If the first year of the Trump presidency saw many of his supporters pumping their fists in joy at all the “winning” that was going on, this second year has many scratching their heads. The Trump of the campaign trail, the Trump who appointed Neil Gorsuch to the Supreme Court, the Trump who lowered taxes for millions of American families has suddenly been replaced by a crazy man who wants to take people’s guns away and ignore due process in doing so. And unfortunately, his Attorney General is only too happy to assist him in doing that.
Despite earning President Trump’s ire by recusing himself from the Russia investigation, Attorney General Sessions managed to remain one of the handful of senior administration officials who stuck around despite the President’s extreme displeasure. And now Sessions is at the forefront of the administration’s gun control attempts.
Over the weekend, the Justice Department published a notice that it proposes to issue a regulation that would ban bump stocks. In order to do so, DOJ would “clarify that the definition of ‘machinegun’ in the National Firearms Act and Gun Control Act includes bump stock type devices, and that federal law accordingly prohibits the possession, sale, or manufacture of such devices.”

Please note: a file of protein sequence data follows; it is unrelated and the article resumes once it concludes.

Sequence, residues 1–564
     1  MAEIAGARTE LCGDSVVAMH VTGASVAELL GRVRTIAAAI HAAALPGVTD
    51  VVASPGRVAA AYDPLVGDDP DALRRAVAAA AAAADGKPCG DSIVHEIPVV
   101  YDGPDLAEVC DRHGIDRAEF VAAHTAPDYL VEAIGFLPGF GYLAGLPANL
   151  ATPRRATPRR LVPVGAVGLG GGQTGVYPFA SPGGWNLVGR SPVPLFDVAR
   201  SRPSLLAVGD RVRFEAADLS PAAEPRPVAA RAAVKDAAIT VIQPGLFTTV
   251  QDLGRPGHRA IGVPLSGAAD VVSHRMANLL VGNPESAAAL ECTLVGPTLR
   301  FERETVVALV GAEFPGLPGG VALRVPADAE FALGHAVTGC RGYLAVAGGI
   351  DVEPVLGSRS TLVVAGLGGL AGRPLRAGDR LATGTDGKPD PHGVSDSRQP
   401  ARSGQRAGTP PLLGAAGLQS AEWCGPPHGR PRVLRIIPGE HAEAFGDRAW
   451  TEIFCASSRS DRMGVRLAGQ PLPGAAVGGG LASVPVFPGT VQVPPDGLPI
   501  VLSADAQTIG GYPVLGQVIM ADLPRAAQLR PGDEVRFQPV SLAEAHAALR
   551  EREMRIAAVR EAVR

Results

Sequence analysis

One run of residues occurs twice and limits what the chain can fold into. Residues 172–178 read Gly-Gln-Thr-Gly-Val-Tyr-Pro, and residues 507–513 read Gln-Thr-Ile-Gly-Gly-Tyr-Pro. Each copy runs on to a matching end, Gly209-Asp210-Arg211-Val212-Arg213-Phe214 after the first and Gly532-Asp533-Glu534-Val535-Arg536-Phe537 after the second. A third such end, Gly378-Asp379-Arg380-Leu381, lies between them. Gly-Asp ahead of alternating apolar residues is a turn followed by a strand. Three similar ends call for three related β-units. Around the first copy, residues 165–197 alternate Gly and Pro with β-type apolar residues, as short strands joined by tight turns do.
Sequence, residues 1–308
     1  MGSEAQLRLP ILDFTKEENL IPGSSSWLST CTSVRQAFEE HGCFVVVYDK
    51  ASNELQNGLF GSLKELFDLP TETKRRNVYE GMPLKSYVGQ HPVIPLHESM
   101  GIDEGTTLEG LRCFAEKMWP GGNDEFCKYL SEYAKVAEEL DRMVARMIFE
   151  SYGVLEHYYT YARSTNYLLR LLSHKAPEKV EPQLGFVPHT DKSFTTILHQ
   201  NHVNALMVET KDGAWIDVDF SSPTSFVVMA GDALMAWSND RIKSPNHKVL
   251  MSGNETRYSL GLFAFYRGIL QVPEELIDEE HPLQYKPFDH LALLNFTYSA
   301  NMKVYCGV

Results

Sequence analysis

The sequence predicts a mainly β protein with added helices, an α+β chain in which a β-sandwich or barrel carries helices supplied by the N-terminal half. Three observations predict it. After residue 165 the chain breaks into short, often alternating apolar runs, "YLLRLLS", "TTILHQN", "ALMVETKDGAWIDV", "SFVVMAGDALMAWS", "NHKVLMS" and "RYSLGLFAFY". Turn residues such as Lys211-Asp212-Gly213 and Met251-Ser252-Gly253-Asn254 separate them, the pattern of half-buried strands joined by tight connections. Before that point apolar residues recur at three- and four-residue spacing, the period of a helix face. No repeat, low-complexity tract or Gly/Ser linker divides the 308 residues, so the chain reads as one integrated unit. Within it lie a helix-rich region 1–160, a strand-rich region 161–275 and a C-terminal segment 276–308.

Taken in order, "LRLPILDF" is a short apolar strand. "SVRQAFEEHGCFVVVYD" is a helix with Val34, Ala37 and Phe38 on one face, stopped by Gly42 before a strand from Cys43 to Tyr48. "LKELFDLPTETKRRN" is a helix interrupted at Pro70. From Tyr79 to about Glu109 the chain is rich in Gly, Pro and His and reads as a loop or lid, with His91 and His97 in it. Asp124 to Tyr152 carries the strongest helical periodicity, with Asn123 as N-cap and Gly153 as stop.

Of course, federal law is pretty clear on what a machine gun is. According to 26 USC 5845, the “term ‘machinegun’ means any weapon which shoots, is designed to shoot, or can be readily restored to shoot, automatically more than one shot, without manual reloading, by a single function of the trigger.” Since bump stocks don’t change the ability of a gun to shoot more than one shot with a single function of the trigger, they aren’t classified as a machine gun, and rightfully so. How DOJ can attempt to square that circle is going to be interesting.
We will likely witness one of the most extraordinary feats of linguistic gymnastics that has ever been attempted, in order for DOJ to be able to classify a non-machine gun as a machine gun. And of course, any ruling with respect to bump stocks could have knock-on effects on other firearms accessories such as binary triggers, or even to whole classes of firearms themselves. The ramifications of such a hurried, slipshod, arbitrary regulation could be far-reaching.
This is nothing more than an attempt to satisfy a temporary whim by ignoring clear statutes and running roughshod over the rule of law. Had this been Obama’s DOJ attempting this, conservatives would have been up in arms at this dictatorial overreach and the monstrous precedent it sets by unilaterally redefining a crystal-clear statute through a mere regulation. But now that Sessions is doing it, the response has been all too muted, aside from some dissatisfaction among knowledgeable gun owners and firearms enthusiasts.
When Trump came into office, gun owners had high hopes that his presidency would mean passage of national concealed carry reciprocity and relaxation of restrictions on ownership of sound suppressors. The nationwide momentum was in favor of gun rights and greater understanding of the benefits of a well-armed populace. But in one year everything has done a complete 180.
Now President Trump has seemingly capitulated to the gun banners, handing them the momentum and encouraging them to fight harder to take more guns. Those who won’t stand up to this overreach, or who think that it’s okay because it is Trump doing it, will deserve everything they get when a future Democratic President uses this precedent against gun owners.